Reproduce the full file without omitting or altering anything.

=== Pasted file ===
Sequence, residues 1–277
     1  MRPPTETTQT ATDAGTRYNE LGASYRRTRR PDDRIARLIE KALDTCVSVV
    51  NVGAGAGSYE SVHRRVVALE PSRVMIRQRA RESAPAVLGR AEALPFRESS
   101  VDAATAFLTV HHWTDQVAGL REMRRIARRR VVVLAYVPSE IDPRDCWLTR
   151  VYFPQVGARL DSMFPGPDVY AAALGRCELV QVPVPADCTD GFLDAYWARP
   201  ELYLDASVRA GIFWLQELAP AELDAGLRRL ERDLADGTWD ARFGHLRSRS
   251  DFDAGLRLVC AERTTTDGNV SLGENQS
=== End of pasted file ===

Sequence, residues 1–277
     1  MRPPTETTQT ATDAGTRYNE LGASYRRTRR PDDRIARLIE KALDTCVSVV
    51  NVGAGAGSYE SVHRRVVALE PSRVMIRQRA RESAPAVLGR AEALPFRESS
   101  VDAATAFLTV HHWTDQVAGL REMRRIARRR VVVLAYVPSE IDPRDCWLTR
   151  VYFPQVGARL DSMFPGPDVY AAALGRCELV QVPVPADCTD GFLDAYWARP
   201  ELYLDASVRA GIFWLQELAP AELDAGLRRL ERDLADGTWD ARFGHLRSRS
   251  DFDAGLRLVC AERTTTDGNV SLGENQS